- Record of meaningful scholarly/academic work or promise: The recipient should have a record of writing that is used and recognized—or, for junior scholars, hold the promise of use and recognition—within the academic community of environmental studies (this includes interdisciplinary environmental studies, politics and policy, geography, sociology, and other cognate fields). That is, the recipient should be actively involved in academia and may be at any stage of their academic career.
- Evidence of activist, public, community, and/or policy engagement: The recipient should have evidence of activity that moves beyond academia into participation in activism, policy, or organizing work. For this award, engagement refers to organizing, advocacy, or other transformational action beyond scholarly writing. That is, the award recipient should be more than someone whose scholarly writings are read and used by those outside the academy—they will themselves be actively engaged in activism, organizing, or policy work beyond scholarly publishing. The engagement may be short- or long-term (specific instances of engagement or ongoing participation), may be through advising or leadership roles, and may be through local, regional, or transnational communities, institutions, or processes.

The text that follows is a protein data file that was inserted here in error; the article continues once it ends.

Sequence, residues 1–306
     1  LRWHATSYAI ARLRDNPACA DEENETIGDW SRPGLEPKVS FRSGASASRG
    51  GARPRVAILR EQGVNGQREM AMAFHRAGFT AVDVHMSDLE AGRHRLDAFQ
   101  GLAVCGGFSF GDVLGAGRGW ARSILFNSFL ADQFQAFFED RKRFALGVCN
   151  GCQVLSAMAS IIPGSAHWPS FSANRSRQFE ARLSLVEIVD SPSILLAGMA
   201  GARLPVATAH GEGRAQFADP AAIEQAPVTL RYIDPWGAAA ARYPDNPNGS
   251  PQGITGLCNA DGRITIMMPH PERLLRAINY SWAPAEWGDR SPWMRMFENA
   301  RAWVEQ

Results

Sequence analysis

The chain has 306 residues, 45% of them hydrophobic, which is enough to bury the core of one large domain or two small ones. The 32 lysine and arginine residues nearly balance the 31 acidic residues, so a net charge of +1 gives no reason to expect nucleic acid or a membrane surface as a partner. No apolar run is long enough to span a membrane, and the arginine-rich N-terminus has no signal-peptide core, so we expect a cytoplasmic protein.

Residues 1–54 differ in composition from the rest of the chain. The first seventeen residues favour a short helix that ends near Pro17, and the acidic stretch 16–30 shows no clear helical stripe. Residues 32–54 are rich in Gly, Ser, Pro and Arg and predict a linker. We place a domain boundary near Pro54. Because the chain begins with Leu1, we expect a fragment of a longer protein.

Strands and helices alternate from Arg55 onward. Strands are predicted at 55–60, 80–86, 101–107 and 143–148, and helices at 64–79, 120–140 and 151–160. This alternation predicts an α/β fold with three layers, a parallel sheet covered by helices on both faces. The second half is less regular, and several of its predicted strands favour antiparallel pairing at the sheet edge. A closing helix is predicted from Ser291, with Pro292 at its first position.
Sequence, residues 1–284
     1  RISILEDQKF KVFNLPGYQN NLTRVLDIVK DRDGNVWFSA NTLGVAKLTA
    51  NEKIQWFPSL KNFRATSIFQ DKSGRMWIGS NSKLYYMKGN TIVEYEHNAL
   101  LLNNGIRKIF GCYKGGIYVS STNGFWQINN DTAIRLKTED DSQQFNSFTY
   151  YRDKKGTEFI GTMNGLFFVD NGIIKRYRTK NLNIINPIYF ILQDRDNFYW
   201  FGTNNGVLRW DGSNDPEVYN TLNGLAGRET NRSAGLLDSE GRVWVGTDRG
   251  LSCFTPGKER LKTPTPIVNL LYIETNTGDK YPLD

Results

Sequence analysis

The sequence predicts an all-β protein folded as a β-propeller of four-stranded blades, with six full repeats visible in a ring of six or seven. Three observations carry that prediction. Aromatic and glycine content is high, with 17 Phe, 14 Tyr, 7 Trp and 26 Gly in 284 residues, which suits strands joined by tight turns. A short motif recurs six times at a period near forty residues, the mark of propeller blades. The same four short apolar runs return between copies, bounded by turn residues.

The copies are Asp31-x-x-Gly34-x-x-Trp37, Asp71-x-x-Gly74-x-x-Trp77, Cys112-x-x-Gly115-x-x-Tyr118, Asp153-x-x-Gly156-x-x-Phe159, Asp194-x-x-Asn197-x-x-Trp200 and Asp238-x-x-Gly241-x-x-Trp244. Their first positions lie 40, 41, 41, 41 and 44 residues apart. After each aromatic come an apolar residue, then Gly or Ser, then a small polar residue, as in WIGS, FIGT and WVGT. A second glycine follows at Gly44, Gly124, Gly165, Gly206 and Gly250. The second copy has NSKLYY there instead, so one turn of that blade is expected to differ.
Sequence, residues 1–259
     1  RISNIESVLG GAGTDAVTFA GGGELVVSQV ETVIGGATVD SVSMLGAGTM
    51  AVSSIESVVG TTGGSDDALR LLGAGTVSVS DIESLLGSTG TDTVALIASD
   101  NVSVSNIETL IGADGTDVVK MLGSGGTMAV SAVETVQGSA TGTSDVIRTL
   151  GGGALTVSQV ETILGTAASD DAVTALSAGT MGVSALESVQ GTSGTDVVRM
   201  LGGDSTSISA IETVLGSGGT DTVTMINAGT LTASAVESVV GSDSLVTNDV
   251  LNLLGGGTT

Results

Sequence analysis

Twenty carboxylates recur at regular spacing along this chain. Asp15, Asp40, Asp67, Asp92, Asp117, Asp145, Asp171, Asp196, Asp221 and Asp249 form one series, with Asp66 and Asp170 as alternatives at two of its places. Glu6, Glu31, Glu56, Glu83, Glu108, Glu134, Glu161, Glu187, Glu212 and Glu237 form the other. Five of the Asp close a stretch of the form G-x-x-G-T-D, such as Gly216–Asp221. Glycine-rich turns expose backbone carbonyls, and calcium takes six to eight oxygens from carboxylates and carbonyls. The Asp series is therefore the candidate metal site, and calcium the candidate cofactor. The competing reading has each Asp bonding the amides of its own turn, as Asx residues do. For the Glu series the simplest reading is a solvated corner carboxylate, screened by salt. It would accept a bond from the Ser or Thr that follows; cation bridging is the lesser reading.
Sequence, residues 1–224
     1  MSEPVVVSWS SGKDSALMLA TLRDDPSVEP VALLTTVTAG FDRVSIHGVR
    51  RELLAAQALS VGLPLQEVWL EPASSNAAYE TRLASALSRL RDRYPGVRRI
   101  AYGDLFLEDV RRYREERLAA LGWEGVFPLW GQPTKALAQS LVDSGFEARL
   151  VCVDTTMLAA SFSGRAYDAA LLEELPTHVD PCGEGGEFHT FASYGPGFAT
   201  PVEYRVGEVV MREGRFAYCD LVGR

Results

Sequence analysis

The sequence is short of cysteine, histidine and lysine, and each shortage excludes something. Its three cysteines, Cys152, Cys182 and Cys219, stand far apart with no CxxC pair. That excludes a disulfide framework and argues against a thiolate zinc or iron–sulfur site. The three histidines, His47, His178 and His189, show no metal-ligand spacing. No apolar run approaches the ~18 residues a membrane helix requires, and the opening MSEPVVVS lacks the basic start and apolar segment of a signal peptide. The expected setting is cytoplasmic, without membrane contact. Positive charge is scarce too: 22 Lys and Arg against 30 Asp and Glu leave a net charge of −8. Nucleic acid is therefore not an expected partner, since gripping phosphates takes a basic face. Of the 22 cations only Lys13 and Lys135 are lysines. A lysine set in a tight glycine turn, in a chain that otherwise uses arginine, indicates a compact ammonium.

- Environmental connection: The academic and/or engagement work of the scholar should have some link (direct or indirect) to environmental studies. Usually the academic work of the recipient will inform or be informed by their engagement outside academia.
How to apply
You may nominate yourself or another scholar for this award. In both cases, the nominee must complete part of the application form. The deadline for the inaugural 2022-2023 award is June 1, 2022.
- Deadline: June 1, 2022
- Nomination process: You may nominate yourself or another scholar. In either case, the nominee must provide part of the nomination materials (this is to ensure nominees are willing to have their names put forward for the award). Nomination packages must contain: